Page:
Table 4. Agent-based model sensitivity.

where m = −1.45E − 09 and b = 8.0E04 pg. Small changes in the slope parameter m led the model to a different steady state value whereas large changes led to a steady decline in SMC mass (Figure 3). Sensitivity plots for each parameter can be found in the Supplemental Material.


Figure 3. Sensitivity of ABM outputs to changes in proliferation rate of SMC in response to PDGF-AB. Note that for smaller changes in this parameter, SMC number and collagen mass reach a new equilibrium as hoop stress increases enough to support PDGF-AB and TGF-β production and therefore cell proliferation and collagen production.

ABM Stability

To assess homeostatic stability, the ABM was run under baseline conditions for 100 simulated days. Figure 4 shows resulting change in SMC number, collagen mass, and the masses of the growth factors TGF-β and PDGF-AB. The CMM was run under the same conditions and results for collagen mass, change in SMC mass, and circumferential stress were plotted in the same figure for comparison. Under these baseline conditions, the ABM yielded an average variation of less than 1%, which appeared to result from the stochasticity in the rules for cell proliferation and apoptosis. These changes led to small changes in circumferential stress, which in turn caused changes in growth factor production that returned the simulated vessel to its initial equilibrium state. In response to a transient (one time step) 10% increase in pressure on days 2 and 60 (Figure 5A), production of growth factors increased in response to the associated transient increase in circumferential stress (Figures 5D,E), but the elevation in these factors was not sustained long enough to initiate SMC proliferation and matrix production. Indeed, the slight changes in these two outputs were indistinguishable from those due to random cell proliferation and apoptosis (Figures 5B,C). Outputs of SMC number and collagen mass under both stability checks (homeostatic and transient) thus compared favorably to results from the established CMM (Figures 4 and 5).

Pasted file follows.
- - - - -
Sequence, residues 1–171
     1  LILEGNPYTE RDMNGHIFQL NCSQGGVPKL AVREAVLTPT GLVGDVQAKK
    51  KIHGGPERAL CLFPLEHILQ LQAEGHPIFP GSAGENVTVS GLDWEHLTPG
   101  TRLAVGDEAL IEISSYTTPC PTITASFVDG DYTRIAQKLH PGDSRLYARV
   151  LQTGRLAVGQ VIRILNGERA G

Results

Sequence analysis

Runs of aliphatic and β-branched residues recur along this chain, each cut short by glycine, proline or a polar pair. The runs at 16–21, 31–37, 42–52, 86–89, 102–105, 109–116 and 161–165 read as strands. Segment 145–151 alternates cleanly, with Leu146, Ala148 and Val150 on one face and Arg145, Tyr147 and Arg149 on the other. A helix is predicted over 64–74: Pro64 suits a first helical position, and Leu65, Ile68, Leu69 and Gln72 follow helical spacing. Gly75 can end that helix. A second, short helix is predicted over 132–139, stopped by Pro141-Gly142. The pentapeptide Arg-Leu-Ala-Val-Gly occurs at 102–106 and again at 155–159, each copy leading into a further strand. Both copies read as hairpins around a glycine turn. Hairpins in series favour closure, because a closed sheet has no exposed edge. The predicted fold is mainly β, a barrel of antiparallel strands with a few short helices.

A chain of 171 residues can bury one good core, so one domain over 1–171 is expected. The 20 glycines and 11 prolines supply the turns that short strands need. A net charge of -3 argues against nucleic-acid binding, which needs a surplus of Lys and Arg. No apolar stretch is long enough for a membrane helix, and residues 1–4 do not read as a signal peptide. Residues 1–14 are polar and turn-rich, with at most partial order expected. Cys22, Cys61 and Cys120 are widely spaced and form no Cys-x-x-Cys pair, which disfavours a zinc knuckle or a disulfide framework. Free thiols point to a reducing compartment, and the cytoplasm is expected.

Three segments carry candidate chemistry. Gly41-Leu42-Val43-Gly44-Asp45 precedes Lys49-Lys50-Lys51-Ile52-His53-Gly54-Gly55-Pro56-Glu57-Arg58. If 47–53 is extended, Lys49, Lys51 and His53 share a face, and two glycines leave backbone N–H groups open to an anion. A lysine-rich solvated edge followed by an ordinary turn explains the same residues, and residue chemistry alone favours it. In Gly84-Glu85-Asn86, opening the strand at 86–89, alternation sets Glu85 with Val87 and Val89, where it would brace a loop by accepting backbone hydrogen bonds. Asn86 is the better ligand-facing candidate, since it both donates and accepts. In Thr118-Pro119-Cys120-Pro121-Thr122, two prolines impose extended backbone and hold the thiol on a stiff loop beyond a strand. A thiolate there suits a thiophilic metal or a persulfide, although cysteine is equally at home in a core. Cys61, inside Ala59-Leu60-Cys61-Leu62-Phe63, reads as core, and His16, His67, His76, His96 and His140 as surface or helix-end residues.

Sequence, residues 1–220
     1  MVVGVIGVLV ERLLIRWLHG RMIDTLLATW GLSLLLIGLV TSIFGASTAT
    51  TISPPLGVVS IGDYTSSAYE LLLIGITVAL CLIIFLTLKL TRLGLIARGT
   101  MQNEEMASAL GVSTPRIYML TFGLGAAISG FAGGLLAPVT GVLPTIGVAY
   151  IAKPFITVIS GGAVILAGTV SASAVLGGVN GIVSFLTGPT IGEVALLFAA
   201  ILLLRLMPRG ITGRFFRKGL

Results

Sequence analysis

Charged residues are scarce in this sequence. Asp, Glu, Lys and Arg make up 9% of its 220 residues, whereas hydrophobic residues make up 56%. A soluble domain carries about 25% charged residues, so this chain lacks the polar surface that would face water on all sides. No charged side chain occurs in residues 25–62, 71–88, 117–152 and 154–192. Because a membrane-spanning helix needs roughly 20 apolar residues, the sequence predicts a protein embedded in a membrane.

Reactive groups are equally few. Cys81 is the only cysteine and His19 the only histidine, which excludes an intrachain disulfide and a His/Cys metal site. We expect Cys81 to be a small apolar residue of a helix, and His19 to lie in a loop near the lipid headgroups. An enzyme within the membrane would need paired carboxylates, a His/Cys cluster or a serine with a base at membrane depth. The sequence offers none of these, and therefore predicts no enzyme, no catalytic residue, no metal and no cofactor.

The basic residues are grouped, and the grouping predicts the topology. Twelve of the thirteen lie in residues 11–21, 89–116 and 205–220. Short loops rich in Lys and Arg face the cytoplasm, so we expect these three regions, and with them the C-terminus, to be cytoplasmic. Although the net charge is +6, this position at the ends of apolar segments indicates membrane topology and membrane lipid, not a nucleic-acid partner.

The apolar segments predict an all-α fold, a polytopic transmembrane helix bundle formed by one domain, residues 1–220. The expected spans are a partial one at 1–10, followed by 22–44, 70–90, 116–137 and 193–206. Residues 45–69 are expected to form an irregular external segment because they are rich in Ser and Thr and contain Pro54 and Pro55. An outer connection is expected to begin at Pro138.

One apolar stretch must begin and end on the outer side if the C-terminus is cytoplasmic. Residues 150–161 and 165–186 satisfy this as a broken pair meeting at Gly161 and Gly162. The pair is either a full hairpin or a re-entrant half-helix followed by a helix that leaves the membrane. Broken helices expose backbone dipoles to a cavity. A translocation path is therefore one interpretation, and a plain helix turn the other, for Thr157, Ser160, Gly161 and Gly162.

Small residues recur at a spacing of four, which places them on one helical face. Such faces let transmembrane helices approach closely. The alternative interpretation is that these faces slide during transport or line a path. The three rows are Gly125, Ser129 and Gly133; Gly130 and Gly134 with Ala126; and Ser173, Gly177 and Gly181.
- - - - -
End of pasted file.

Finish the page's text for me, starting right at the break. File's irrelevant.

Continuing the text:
Figure 4. Homeostatic Conditions. ABM results are shown in blue, CMM results in black. ABM results are an average of 100 simulations. Stochastic fluctuations in cell number lead to some changes in stress and growth factor production. Overall change in cell number is <1%. (A) Pressure, (B) SMC, (C) Collagen, (D) PDGF-AB, (E) TGF-β.


Figure 5. Transient Pressure Increases. ABM results are shown in blue, CMM results in black. ABM results are an average of 100 simulations. Transient increases in pressure of 10% for 6 h drive short-term changes in growth factor expression, but not SMC mass or collagen production. (A) Pressure, (B) SMC, (C) Collagen, (D) PDGF-AB, (E) TGF-β.